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Planners ask the public what they want in accessory dwelling units, smaller residences that address need for 'missing middle'

TIMES PHOTO: RAY PITZ - Schuyler Warren, an associate planner with the City of Tigard, talks about changing demographics and the citys plan to amend the citys development code to allow for accessory dwelling units, also known as ADUs, during an open house at Tigard Public Library Wednesday night.(This corrects a previous version of this story related to ADUs versus other "missing middle" housing.)

The City of Tigard is pushing forward with plans to offer a wider variety of housing options for current and future residents, specifically addressing so-called "missing middle" housing.

Last week, an estimated 40 people gathered in the Tigard Public Library's community room to hear the city's plans to implement an Oregon law that now requires cities throughout the state to allow a variety of options when it comes to building "accessory dwelling units," or what's known as ADUs in planning circles. Other types of missing middle housing include cottages, courtyard units and row houses.

Oregon Senate Bill 1051 mandates that cities must provide "clear and objective" standards to allow accessory dwelling units without mentioning requirements pertaining to other missing middle housing. While the city won't be able to have new code language up and running by the July deadline, planning officials say they are moving forward with the next steps to make development code amendments to allow for the structures.

While planners say they get extensive queries about ADUs from the public, they don't get a whole lot of residents who pull permits to build one. In 2017, the city approved requests for six units, while there were three approvals in 2016 and eight approvals in 2015.COURTESY CITY OF TIGARD - Here is what the prposed standards are for future Accessory Dwelling Units.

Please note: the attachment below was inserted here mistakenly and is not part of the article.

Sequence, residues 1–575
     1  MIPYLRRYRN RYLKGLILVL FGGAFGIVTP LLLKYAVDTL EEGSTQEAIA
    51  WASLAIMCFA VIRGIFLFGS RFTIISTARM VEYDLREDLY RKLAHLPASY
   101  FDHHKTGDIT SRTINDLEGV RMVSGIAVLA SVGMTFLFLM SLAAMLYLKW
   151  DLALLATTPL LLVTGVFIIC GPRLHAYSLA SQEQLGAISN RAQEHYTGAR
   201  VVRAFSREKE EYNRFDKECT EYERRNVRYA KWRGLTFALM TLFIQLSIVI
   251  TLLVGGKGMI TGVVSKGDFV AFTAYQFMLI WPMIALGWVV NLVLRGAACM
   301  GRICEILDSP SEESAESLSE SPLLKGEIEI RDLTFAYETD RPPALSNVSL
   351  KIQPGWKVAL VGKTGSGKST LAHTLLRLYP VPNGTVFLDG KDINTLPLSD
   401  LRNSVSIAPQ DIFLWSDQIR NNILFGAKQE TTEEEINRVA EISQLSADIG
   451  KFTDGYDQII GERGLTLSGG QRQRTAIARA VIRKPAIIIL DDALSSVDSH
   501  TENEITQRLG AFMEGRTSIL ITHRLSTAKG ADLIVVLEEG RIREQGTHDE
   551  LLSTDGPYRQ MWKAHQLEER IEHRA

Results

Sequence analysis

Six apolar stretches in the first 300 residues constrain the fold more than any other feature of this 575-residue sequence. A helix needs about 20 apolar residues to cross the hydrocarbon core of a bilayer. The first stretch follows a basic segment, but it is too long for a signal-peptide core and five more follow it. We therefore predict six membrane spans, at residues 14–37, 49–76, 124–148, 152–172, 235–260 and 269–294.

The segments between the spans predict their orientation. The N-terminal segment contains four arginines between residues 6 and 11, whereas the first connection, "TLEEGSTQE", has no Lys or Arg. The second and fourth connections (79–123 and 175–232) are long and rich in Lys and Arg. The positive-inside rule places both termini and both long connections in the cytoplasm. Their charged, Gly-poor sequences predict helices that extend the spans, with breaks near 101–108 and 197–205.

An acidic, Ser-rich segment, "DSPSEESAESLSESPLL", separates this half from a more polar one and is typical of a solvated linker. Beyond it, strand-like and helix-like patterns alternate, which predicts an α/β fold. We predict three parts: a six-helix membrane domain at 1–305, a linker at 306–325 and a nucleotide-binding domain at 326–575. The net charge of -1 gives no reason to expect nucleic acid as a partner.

Currently, the city of Tigard only allows ADUs that are attached to an existing residence, something that will now change once the new mandates are put into place.

"This is a project that will eventually alter all the neighborhoods in Tigard," said Kenny Asher, the city's community development director, who noted the lack of ADUs in the area and the high cost of single-family homes. "It is pretty bad out there."

Asher said the problem is that as prices of single-family homes continue to rise, it will make it more difficult for young people to purchase them. That in turn makes housing in the Portland-metro area "at risk of becoming only affordable to the wealthy," he said.

Schuyler Warren, an associate planner with the city, said demographic trends show a changing face of those seeking home ownership along with declining rates of people owning homes.

"We have more demand for smaller housing units," he said, adding that both the baby boomers and the millennials want to live in neighborhoods that provide high levels of "walkability" to such amenities as nearby restaurants and retail centers.

Addressing the lack of affordable single family homes in the area, Warren said while the median price for a single-family detached home is $357,261 in Beaverton, $370,047 in Hillsboro and $426,678 in Portland, that same home costs $430,869 in Tigard.

Warren said among the attributes of "missing middle" dwellings are walkability, a smaller footprint, fewer off-street parking spaces, a simpler construction (but not poorly constructed), spaces that create community and structures that are marketable.

Warren said while "missing middle" housing was popular in the 1920s, it largely was "zoned out of existence after World War II."

Suggestions from the public from the open house will now be forwarded to the Tigard Housing Options Task Force, which will look at them before forwarding recommendations to the Planning Commission and the City Council for approval by the end of the year.

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